FROM Michael Shifter
Chronic Food Shortages Prompt Riots in Venezuela Venezuela’s worsening economic crisis has spilled over into chaos in recent weeks. Hungry protestors have been rioting, ransacking and looting stores and restaurants, leaving scores of businesses in shambles and at least five people dead. The government has declared a state of emergency, and basic necessities are being rationed. How did a relatively recently prosperous country which sits on the world’s largest oil reserves come to this -- the world’s worst rate of inflation and nearly 90% of its population unable to afford to eat?
President Bush's Fence-Mending Trip to Latin America President Bush is visiting Brazil, Uruguay, Colombia, Guatemala and Mexico this week, carrying with him a complicated economic and trade agenda. But after keeping Latin American issues on the back burner for six years can he effectively compete with rising radical leaders like Hugo Chávez? September 11 and then the war in Iraq got in the way of Bush’s promise to focus US foreign policy on Latin America. Now, he faces a series of what promises to be some massive and noisy protests in a part of the globe where he’s deeply unpopular. Guest host Marc Cooper speaks with journalists and experts in energy, foreign policy and national security. (This program was originally broadcast earlier today on To the Point .)
Too Late for Bush to Mend Fences with Latin America? When George Bush came into office six years ago he vowed the Southern Hemisphere would be his top foreign policy priority--but that was before September 11 and Iraq. Now, midway through his second term, the President has begun a week-long visit to the region , to try to woo back Latin America and boost American influence. One of the few concrete agreements that might come out of the trip is a deal with Brazil about ethanol production. However, Bush is up against some stiff political competition from radical leaders like Venezuela's Hugo Chávez, who argues the US has nothing good to offer its southern neighbors. Can the President overcome his widespread hemispheric unpopularity? Can he offset the growing influence of regional leftists like Chávez? Guest host Marc Cooper speaks with journalists and experts in energy, foreign policy and national security.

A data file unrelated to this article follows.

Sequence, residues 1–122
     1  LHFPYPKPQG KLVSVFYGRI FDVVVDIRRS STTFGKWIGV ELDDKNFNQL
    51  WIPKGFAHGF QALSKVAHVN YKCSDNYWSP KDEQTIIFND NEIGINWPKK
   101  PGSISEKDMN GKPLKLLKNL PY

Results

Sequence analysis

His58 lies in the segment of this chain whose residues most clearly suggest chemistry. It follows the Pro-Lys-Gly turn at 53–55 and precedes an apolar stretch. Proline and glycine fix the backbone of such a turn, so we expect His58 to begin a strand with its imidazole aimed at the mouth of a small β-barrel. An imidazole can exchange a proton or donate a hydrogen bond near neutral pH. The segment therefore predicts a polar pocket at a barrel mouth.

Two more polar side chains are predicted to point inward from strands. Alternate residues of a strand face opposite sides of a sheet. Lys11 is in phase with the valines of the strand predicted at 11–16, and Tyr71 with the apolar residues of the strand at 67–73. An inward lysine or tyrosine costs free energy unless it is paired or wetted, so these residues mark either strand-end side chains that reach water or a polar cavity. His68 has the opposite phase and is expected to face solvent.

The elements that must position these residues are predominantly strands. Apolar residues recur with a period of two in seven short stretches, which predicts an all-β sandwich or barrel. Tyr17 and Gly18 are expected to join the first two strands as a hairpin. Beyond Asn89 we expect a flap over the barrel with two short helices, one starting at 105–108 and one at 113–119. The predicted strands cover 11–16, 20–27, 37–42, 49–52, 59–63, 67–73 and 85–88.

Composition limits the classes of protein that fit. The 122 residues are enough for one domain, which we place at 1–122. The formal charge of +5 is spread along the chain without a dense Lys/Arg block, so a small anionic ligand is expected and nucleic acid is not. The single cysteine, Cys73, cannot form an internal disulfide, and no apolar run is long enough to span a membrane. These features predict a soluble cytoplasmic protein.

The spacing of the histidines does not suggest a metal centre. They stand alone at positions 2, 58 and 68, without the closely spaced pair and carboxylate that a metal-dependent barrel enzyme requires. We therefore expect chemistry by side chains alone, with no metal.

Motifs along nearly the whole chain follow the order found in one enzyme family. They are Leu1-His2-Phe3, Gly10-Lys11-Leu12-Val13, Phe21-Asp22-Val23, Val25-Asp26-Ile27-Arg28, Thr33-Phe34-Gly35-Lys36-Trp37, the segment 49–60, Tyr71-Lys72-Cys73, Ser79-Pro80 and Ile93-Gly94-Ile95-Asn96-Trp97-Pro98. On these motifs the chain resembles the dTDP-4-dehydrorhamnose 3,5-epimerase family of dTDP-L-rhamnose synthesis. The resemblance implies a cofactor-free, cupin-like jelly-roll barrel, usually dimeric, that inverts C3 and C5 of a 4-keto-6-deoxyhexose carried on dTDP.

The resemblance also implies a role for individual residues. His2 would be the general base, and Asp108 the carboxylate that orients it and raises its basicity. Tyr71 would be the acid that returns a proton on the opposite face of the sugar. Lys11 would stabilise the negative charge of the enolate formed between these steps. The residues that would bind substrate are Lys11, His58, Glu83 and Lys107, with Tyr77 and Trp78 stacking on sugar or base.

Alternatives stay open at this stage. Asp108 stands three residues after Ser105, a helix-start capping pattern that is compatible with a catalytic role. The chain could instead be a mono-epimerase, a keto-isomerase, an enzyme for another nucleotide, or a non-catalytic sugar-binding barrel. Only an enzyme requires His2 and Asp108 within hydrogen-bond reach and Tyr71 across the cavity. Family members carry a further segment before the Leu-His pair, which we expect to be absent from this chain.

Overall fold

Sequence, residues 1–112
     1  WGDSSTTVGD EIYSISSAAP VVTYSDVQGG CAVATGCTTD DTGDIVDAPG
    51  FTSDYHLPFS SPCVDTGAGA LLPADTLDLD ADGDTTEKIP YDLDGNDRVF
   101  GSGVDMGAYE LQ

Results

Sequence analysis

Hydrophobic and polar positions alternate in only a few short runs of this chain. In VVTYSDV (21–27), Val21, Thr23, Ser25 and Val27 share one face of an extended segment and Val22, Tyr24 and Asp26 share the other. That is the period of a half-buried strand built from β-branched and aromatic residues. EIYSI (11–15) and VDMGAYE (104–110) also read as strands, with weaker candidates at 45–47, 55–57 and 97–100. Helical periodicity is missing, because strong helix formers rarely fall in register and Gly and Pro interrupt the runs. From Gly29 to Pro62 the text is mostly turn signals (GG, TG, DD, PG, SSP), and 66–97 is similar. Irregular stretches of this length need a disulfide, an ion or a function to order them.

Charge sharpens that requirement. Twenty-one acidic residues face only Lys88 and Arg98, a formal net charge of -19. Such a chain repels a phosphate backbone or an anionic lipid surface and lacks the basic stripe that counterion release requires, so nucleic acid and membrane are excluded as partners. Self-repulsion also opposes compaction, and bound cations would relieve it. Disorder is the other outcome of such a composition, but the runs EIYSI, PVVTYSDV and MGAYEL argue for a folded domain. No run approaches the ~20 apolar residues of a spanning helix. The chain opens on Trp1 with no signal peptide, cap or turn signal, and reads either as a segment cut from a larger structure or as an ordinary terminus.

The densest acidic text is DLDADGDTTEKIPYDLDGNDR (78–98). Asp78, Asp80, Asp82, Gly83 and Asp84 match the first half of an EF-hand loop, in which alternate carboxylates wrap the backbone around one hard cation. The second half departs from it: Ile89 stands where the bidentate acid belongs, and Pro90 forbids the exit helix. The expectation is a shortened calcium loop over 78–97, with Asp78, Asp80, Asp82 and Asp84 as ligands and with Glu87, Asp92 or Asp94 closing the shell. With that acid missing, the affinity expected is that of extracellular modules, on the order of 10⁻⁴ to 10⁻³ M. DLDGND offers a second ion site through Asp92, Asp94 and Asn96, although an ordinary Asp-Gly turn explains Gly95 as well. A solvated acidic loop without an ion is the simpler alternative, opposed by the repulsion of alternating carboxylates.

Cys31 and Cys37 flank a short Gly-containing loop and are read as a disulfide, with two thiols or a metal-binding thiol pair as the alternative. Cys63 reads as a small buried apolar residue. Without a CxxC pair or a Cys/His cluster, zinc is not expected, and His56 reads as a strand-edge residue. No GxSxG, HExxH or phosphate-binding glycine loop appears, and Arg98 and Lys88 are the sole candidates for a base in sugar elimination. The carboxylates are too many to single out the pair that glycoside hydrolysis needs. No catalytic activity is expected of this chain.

Nationalism's appeal on both sides of the Atlantic Nationalism, Populism, concerns about immigration and outright racism are part of election campaigns from the US to Europe. We hear how today's election in Holland reflects the recent past and may forecast the future.
Political appointments and the reshaping of the judiciary President Trump has the chance for a long-term impact -- not just on the US Supreme Court, but on the entire federal court system. And his nominees are likely to get the support of a massive spending campaign by donors who don't have to reveal their names. Can President Trump "pack" the federal court system?
Trump, Russia and rabbit holes Conservatives are now joining liberal critics of President Trump by demanding to know about his administration’s ties to Russia. We hear about Washington latest political flap and possible unintended consequence.
Trump's travel ban and the long-term agenda The Trump Administration's revised travel ban may be good news for some visa holders and others, but it's still being challenged as unconstitutional. Some reporters call it the beginning of a long-term effort to change the demographic make-up of the United States.